The Court has resumed in-person criminal hearings in limited circumstances. The number of people allowed in the courtroom will be sharply limited, but the hearings will be publicly accessible through either Zoom or a phone conference line. If the hearing is being made accessible by Zoom, each courtroom participant will be connected to Zoom through a laptop and a headset, so that they can be seen and heard through the video-conference as well as in the courtroom. This means that if you are an attorney who will be physically present in the courtroom, you must bring the following equipment with you and be prepared to use it during the hearing:

      Laptop – Wi-Fi, camera and audio functions must be fully operational, and the Zoom application must be installed and fully tested.
      Smartphones and tablets (such as iPhones/iPads/Androids, etc.) utilize a less capable version of Zoom, so they’re not recommended, but they are acceptable if a laptop is unavailable.

      Headset (headphones with built-in “boom” microphone) – To prevent feedback, echo and poor audio in the courtroom, you must bring your own headset, as you will not be allowed to use your laptop mic and speakers.

      Headsets with a “boom mic” placed close to your mouth (as shown) are strongly preferred, and will help clarity when speaking through a mask. All types of headsets are acceptable (1-ear or 2-ear, over-ear, in-ear, etc.), and can often be purchased for very little money. Wired headsets are strongly recommended due to their ease of use and reliability.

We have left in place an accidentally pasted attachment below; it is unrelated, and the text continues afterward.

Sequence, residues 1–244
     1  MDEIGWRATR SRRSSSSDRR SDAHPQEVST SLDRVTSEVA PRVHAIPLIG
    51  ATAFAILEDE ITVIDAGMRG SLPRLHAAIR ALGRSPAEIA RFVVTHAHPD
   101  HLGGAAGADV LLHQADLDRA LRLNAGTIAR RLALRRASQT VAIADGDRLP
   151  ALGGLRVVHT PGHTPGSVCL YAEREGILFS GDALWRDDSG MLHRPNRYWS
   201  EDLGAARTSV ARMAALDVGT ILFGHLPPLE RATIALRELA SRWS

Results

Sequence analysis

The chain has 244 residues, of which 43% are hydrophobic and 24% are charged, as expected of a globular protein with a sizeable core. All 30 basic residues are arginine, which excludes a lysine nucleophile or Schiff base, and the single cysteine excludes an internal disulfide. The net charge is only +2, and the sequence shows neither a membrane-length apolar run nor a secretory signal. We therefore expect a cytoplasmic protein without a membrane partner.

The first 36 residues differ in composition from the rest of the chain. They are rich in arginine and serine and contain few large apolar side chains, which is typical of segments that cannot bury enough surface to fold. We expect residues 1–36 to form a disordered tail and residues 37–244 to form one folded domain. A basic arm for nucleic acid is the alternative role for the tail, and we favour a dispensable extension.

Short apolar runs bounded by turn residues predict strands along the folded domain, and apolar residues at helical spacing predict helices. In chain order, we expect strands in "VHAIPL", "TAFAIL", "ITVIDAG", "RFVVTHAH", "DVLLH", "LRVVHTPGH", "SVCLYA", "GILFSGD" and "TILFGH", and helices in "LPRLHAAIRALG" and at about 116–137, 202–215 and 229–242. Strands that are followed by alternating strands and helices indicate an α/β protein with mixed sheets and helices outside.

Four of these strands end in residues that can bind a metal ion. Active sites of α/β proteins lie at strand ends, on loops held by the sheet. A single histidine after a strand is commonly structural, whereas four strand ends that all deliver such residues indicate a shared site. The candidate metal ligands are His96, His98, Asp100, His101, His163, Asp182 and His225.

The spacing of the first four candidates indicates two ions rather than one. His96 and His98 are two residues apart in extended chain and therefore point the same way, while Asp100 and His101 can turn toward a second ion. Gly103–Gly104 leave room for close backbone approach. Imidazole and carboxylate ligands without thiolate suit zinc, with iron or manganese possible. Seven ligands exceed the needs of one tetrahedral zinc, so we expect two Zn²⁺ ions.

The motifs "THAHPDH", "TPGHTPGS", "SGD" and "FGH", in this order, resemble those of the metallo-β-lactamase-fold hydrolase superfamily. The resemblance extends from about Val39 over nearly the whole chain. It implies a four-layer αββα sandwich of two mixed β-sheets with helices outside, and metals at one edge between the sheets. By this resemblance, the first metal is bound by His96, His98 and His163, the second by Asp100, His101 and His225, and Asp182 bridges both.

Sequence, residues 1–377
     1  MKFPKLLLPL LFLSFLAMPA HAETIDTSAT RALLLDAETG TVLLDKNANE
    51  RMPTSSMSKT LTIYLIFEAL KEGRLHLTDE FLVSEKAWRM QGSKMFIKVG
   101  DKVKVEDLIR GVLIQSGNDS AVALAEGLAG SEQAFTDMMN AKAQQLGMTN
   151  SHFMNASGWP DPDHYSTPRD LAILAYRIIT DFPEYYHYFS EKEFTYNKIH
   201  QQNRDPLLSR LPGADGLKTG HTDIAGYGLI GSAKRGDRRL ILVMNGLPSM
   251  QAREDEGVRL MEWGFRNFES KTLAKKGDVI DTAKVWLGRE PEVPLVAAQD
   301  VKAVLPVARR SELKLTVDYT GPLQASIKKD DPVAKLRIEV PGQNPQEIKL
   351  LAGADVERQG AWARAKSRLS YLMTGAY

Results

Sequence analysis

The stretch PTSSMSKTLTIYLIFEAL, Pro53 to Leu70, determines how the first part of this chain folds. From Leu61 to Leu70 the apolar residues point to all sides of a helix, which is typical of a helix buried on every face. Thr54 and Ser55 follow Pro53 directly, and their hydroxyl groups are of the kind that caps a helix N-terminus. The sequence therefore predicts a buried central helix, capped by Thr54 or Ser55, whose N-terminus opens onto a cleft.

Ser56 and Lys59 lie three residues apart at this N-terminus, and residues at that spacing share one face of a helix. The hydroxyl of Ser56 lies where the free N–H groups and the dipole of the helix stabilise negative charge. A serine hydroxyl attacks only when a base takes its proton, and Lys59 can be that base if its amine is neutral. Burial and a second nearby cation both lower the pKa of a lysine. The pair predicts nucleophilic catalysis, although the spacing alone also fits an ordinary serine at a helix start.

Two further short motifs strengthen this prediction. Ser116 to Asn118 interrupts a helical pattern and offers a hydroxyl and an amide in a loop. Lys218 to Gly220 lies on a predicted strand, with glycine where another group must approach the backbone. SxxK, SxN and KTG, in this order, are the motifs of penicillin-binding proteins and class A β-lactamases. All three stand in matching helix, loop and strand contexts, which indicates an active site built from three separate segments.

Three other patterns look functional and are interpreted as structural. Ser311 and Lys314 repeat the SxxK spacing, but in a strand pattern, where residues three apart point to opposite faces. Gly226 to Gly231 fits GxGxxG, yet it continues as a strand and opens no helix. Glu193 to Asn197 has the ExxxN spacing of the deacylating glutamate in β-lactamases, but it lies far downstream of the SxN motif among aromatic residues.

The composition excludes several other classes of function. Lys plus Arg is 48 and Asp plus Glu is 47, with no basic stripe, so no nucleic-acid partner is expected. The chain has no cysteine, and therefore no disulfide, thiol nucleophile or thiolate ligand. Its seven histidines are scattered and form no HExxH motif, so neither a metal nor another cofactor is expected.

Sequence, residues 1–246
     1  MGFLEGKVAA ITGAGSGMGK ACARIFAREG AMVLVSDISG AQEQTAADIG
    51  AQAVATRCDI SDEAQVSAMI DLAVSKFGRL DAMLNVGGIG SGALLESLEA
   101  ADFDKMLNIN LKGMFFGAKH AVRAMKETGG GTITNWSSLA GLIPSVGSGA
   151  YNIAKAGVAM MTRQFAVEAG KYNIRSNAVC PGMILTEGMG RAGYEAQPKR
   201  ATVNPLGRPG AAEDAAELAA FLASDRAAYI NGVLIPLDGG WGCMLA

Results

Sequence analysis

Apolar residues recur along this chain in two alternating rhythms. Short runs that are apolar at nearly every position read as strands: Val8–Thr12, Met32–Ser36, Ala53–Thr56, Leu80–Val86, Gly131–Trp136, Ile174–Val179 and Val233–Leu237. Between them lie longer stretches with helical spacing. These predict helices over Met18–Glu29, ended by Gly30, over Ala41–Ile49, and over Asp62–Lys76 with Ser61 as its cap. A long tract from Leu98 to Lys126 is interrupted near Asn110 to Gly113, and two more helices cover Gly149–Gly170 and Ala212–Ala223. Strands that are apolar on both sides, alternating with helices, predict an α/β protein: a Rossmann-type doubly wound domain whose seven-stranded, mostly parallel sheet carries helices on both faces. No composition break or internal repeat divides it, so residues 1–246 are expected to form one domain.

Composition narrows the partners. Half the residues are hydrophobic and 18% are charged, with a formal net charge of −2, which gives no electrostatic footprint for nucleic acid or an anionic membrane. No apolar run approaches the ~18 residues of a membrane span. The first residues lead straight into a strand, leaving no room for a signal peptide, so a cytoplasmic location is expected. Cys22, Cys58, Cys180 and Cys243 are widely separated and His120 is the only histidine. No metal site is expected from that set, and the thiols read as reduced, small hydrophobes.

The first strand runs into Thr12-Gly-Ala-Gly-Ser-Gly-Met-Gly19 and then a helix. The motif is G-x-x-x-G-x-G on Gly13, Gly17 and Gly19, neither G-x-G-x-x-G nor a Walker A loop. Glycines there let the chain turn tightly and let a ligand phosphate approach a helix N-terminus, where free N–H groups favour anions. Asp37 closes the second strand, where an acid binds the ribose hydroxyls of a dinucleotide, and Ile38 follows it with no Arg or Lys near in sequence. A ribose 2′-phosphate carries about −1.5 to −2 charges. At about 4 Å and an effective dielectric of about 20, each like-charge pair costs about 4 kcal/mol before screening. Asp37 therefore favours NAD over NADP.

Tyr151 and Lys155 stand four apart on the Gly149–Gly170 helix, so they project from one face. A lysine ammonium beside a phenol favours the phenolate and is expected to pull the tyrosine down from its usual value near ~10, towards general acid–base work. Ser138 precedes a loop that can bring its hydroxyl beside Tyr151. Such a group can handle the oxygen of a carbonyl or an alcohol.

AVOID: Wireless (Bluetooth) headsets can be unreliable. Ear-bud style headsets (with the mic on the cord) are too sensitive and will cause echo problems.


      All equipment and the Zoom application should be tested working before court. You should also be familiar with all other instructions on this page regarding attorney participation in a Zoom hearing. Witnesses and defendants will be provided equipment by the Court.

      Attending with Language Interpretation

      1. Click the interpretation “globe” icon at the bottom of the screen.
      2. Click the language you want to hear (i.e., Spanish).
      3. Click “Mute Original Audio” to silence all other languages. *
      4. To turn off interpretation, click “Off” *

      * NOTE: If interpretation is in progress, all languages will be heard if language selection is off, or if Mute Original Language is off.

      If you are an interpreter performing remote language interpretation for the court:

      1. See Zoom’s video introduction on Simultaneous Interpretations for Meetings and Webinars.
      2. Review Zoom’s online information about the process.
      3. Review this video demo of the process for interpreters.
      4. Practice with colleagues or friends!

      Please note that for some proceedings, consecutive interpreting will be required due to technical limitations between certain locations. For these, you will be brought into the Zoom as a regular participant, similar to an open party-line call.